Over on the homepage, I have a piece on the “TrooperGate” report about Sarah Palin. My liberal readers will probably take a moment to salute my willingness to criticize my preferred candidates when they err, then return to their regularly scheduled ritual denunciation of me as a hack. My conservative readers are probably going to grind their teeth some. But after reading the 268-page report, I come to two conclusions:
1) Palin’s ex-brother-in-law, Mike Wooten, probably should not be a cop, because just the proven allegations of Tasering his 11-year-old stepson, making death threat against his father-in-law, drinking in his patrol car and violating a hunting law are supremely troubling, and the State Police’s conclusion that he only deserved suspension for two weeks suggests that his superiors were not taking the misbehavior seriously.
2) As outrageous as Wooten’s behavior and the State Police’s disinterest was, the Palins crossed a line by going to Public Safety Commissioner Walt Monegan repeatedly about the matter, and more importantly, by either urging or permitting various other state officials to contact Monegan as well. She is their (and his) boss; she had to know how it would appear. The actions of Todd and Sarah Palin are extremely understandable, but they still cross an ethical line by putting state employees in a tough situation: tell their boss, or their boss’ spouse, what they don’t want to hear and risk dismissal.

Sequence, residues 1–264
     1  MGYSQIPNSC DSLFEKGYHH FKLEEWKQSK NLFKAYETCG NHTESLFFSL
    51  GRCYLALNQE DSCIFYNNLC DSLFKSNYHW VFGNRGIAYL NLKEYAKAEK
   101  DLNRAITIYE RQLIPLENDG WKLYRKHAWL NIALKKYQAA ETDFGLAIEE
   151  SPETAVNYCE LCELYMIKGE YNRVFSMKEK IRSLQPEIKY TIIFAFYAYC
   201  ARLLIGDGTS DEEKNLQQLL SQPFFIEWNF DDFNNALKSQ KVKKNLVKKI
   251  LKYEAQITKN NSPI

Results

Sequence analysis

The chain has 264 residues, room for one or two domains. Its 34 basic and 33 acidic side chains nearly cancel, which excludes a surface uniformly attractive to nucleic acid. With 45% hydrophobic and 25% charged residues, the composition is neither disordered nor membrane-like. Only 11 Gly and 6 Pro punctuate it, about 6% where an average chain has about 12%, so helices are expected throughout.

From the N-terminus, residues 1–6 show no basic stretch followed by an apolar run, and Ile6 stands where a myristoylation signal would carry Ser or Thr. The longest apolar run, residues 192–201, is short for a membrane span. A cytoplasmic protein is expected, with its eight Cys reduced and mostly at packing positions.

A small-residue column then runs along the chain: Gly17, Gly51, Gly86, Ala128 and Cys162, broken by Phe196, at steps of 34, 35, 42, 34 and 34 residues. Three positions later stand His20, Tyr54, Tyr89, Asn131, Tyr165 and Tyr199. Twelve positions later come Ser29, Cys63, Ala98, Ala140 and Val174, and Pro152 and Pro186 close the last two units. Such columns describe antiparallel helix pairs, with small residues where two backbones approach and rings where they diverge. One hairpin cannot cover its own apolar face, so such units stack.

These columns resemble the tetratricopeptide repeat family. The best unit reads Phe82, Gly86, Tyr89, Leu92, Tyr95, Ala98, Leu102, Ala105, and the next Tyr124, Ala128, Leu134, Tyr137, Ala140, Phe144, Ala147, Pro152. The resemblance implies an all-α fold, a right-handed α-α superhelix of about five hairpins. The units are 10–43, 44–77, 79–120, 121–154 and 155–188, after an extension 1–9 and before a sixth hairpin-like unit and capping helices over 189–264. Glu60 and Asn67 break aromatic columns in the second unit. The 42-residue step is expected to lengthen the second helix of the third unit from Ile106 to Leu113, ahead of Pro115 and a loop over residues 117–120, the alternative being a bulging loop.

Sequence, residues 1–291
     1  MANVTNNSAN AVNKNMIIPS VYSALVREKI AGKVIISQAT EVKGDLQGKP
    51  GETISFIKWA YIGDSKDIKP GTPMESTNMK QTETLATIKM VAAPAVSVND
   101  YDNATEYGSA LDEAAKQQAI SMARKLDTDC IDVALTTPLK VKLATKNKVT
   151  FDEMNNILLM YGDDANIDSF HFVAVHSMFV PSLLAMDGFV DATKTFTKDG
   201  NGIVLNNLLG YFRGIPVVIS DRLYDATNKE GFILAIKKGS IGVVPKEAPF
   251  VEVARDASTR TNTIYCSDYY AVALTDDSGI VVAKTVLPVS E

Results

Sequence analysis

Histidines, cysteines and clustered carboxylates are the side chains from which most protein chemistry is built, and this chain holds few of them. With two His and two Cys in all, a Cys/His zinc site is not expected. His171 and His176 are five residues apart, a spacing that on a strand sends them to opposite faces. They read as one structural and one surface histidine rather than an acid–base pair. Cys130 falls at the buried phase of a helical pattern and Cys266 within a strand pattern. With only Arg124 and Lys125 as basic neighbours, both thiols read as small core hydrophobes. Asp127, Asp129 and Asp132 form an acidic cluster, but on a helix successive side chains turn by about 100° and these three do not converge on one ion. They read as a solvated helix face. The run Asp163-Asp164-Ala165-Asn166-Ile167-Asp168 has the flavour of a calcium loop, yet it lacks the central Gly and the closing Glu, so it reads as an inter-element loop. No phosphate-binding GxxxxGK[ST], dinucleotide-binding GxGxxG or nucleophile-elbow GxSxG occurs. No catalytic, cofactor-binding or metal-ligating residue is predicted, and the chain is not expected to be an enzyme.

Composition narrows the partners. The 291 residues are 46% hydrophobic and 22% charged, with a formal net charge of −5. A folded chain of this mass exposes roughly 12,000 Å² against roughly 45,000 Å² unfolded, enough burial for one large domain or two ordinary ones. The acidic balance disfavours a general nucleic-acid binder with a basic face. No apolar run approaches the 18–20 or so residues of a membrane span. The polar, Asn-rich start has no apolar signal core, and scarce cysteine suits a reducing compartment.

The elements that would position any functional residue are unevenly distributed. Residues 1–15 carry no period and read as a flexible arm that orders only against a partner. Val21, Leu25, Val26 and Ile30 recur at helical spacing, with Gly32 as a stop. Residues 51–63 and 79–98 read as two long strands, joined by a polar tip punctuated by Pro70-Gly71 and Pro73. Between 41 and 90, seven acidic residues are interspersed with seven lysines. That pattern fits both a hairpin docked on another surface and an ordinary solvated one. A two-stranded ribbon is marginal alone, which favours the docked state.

The special counsel’s report to the legislature makes clear that Palin was entirely within her rights to dismiss Monegon, and if she, Todd, and other state officials had not repeatedly inquired about reopening the investigation of Wooten, this probably would not have been a controversy.
Having said that, the history of the state trooper in question does make him sound, in Palin’s words, “a time bomb.” If this pattern of behavior continues, and results in injury or worse to some Alaskan, the Palins’ persistence may very well appear to be a prescient warning.